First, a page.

Isaiah Thomas says Cavaliers were in 'panic mode' when they traded him to Lakers

When the Cleveland Cavaliers turned their roster upside down on deadline day, one of the players they sent away was Isaiah Thomas

That they traded the former All-Star point guard to the Lakers after he had played just 15 games with the team was both shocking in the big picture, but completely understandable given their situation. Thomas is just one season removed from finishing third in the league in scoring, and it's hard to believe he's already two teams removed from the Celtics. But at the same time, given his struggle to regain his form, and the issues he was reportedly creating in the locker room, it made sense for the Cavs to move on.

For the first time since the deadline, Thomas opened up about being traded for the second time in less than a year, saying he was surprised the Cavs actually went through with trading him, and adding that the team was in "panic mode" when they made the deal. Via ESPN:

"I didn't think they would pull the trigger that fast, 15 games," Thomas told ESPN's E:60 in an interview that will air March 11. "But again, it's a business. And the Cavs were, I mean, they were in panic mode. We were losing -- a lot. And I think they felt like they needed to make a move, and they, they basically cleared house."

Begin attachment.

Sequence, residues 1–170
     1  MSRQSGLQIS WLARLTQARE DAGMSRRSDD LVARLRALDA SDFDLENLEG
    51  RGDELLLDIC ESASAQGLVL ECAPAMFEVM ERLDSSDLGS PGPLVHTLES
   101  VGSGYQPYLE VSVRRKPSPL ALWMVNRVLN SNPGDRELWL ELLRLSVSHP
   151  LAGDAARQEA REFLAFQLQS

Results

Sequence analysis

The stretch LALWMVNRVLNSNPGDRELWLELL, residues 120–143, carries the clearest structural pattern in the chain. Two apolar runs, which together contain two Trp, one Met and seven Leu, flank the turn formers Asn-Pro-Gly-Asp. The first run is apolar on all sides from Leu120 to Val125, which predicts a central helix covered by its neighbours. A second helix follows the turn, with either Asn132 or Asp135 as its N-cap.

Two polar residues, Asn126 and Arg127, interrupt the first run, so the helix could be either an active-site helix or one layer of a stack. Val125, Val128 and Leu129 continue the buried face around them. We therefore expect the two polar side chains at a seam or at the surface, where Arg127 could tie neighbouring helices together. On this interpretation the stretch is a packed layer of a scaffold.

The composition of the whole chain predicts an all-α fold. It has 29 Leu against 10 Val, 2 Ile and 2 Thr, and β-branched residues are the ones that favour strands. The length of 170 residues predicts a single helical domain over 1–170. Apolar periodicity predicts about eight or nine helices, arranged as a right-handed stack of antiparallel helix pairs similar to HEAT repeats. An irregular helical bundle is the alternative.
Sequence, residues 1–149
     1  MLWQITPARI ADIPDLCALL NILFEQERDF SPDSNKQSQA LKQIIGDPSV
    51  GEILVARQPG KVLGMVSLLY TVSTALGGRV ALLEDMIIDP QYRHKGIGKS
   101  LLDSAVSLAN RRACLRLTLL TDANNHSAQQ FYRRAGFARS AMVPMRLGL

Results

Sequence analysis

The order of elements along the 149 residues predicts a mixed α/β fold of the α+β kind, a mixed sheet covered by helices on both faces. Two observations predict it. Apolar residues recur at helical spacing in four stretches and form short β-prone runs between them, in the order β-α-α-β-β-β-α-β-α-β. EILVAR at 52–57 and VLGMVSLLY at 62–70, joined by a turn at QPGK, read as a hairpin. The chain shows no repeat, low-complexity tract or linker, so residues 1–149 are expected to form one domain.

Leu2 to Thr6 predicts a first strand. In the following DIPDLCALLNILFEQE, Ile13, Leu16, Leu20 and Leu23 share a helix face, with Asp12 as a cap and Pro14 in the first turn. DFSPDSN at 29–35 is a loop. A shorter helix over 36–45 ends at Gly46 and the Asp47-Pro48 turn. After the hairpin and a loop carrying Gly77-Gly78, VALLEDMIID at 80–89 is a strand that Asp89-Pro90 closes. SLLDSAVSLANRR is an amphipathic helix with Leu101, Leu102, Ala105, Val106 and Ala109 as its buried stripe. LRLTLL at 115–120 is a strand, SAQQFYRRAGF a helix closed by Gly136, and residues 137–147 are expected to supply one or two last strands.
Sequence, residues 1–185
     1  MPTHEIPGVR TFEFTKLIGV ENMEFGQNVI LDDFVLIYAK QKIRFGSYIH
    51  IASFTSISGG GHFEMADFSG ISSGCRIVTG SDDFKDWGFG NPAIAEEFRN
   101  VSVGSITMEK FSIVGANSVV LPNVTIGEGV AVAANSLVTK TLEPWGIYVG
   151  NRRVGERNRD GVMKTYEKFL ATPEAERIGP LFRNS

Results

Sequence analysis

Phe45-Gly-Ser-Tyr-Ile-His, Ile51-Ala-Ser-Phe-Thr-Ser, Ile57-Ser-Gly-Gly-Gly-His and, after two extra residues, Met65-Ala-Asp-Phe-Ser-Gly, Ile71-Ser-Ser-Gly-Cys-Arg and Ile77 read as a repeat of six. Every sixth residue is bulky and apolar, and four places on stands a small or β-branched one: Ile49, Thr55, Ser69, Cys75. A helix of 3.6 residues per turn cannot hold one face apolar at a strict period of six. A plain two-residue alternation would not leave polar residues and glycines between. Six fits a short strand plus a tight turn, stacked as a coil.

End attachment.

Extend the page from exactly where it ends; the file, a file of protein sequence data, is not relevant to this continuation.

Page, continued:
Thomas also said that he bears no ill will towards the Cavs, though he did defend himself, saying it was a tough situation in Cleveland this season. 

"It was a tough situation I was being put in," Thomas said. "It was -- it was different. ... It's hard to get acclimated to a team halfway through the season.

"It just didn't work out," he said. "And that just happens."

It's hard to argue with Thomas' assessment that the Cavs were panicking on the deadline. They were just 5-9 in the month leading up to deadline day, and had put in some truly embarrassing performances. Plus, you don't make three trades to send away half of your roster if you believe everything is fine and can be fixed internally.

However, there is some cruel irony here in the realization that while Thomas is correct, a big part of the reason the Cavs were panicking, is because of his poor performance. 

NBA Writer

Jack Maloney lives and writes in Milwaukee, where, like the Bucks, he is trying to own the future. Full Bio

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